The decorative artistry and intricate carvings on this Revolutionary War powder horn aren’t the only things that make it special.
The horn was owned by African-American soldier Gershom Prince and could be the only surviving one of its kind.
The rare artifact helps shed light on the little-known stories of African-American soldiers in the war, both freed and enslaved.
“This is probably the only surviving powder horn of a black solider who was killed in action,” said Dr. Philip Mead, chief historian and director of curatorial affairs for the Museum of the American Revolution.
Prince, a free black man, served in both the French and Indian War and the Revolutionary War. He died fighting in the Wyoming Massacre of 1778 in Pennsylvania.
In both wars, Prince carried his spectacular powder horn.
“It is a moving testament to the contributions of African Americans to the freedom of this nation at its inception,” said Mead.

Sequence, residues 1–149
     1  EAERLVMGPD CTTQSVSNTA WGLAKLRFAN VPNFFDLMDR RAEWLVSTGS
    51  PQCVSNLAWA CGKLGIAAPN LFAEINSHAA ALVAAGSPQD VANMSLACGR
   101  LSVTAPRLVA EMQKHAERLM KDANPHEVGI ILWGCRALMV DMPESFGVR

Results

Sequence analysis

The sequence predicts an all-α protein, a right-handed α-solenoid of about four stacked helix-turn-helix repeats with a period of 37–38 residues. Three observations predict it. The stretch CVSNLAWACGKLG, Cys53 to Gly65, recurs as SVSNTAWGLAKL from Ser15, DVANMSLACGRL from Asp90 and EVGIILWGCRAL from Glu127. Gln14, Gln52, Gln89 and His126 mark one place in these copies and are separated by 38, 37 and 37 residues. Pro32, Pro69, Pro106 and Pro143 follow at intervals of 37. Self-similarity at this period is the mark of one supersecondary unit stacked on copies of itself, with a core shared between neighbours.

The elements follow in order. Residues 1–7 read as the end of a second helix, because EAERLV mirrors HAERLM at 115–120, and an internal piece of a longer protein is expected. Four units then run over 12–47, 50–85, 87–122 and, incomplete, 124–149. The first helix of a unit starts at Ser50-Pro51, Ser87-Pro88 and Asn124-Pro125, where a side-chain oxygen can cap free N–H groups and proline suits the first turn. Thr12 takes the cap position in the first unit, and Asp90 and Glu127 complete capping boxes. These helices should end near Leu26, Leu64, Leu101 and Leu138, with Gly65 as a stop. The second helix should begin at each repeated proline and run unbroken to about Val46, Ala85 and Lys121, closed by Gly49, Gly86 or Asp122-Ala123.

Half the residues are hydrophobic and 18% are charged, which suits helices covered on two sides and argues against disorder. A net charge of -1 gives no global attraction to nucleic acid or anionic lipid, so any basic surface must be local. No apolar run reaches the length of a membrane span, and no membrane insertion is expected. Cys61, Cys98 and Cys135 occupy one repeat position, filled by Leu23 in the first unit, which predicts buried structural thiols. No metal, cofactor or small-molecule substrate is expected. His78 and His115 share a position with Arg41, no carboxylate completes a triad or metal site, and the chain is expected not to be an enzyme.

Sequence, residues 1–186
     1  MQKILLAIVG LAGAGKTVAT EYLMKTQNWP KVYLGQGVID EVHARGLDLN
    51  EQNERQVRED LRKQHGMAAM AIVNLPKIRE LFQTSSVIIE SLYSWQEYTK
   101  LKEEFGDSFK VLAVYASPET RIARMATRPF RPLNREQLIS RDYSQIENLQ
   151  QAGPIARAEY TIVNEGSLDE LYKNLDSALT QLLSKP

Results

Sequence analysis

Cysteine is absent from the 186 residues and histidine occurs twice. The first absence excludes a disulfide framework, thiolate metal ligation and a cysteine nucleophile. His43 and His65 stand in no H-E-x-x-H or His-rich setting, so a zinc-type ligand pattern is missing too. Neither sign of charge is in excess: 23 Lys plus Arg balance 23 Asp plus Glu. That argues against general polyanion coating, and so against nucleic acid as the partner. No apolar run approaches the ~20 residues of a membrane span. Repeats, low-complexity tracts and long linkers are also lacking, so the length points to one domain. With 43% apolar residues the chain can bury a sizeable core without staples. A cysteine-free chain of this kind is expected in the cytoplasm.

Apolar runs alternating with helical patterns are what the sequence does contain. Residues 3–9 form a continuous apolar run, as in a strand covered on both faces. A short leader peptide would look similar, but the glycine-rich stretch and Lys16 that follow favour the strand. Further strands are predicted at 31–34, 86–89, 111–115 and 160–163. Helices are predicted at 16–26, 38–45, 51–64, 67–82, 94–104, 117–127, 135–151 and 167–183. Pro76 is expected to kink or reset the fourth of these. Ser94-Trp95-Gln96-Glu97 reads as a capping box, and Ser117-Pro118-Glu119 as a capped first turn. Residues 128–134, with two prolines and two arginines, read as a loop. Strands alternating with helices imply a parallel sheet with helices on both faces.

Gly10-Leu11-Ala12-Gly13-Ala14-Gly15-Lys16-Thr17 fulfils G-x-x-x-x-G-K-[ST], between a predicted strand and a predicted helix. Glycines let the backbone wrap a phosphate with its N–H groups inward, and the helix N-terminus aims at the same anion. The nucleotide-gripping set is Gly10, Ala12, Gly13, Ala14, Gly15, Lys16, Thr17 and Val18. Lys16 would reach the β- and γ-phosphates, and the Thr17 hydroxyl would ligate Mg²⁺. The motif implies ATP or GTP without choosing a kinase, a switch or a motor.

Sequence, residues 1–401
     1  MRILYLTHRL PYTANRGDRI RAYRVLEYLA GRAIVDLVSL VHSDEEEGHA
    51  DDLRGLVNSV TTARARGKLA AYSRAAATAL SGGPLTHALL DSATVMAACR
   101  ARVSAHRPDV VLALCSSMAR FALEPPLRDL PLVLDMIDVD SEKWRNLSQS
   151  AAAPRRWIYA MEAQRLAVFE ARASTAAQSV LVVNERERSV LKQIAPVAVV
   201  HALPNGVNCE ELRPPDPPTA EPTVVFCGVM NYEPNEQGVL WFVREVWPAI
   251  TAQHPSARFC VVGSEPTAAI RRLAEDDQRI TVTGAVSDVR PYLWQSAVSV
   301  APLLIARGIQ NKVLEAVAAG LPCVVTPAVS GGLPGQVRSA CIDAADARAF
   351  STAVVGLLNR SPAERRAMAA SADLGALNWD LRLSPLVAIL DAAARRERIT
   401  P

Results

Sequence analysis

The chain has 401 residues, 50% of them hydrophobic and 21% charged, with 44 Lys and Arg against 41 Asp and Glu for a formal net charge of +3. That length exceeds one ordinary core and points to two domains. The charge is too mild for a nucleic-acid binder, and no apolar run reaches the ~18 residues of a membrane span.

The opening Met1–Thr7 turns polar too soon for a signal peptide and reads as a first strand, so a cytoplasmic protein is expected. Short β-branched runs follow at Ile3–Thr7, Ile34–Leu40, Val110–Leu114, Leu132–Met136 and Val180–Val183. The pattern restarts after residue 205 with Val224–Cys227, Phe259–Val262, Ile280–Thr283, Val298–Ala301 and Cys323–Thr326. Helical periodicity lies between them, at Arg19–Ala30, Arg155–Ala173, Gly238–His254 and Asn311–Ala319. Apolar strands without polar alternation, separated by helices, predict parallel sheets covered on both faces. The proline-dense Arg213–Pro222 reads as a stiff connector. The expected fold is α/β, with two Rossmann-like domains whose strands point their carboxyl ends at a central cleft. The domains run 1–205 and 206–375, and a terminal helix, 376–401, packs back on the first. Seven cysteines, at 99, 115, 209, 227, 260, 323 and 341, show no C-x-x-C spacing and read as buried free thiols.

The horn is a cow’s horn and was used to store gunpowder. In addition to having Prince’s name carved into it, the horn also displays carvings of trees, forts, and other scenes of his everyday life.
“To have it down here in Philadelphia where I now live and to know that many thousands of people are going to have the opportunity to see it is just thrilling to me,” said Denise Dennis, a descendant of Prince’s family.
Dennis grew up in the Wyoming Valley hearing family stories about the powder horn and about Gershom Prince. She believes people who see the powder horn on display will find its artistry as inspiring as she does.
The horn will be on display at the Museum of the American Revolution in Philadelphia until the end of the year.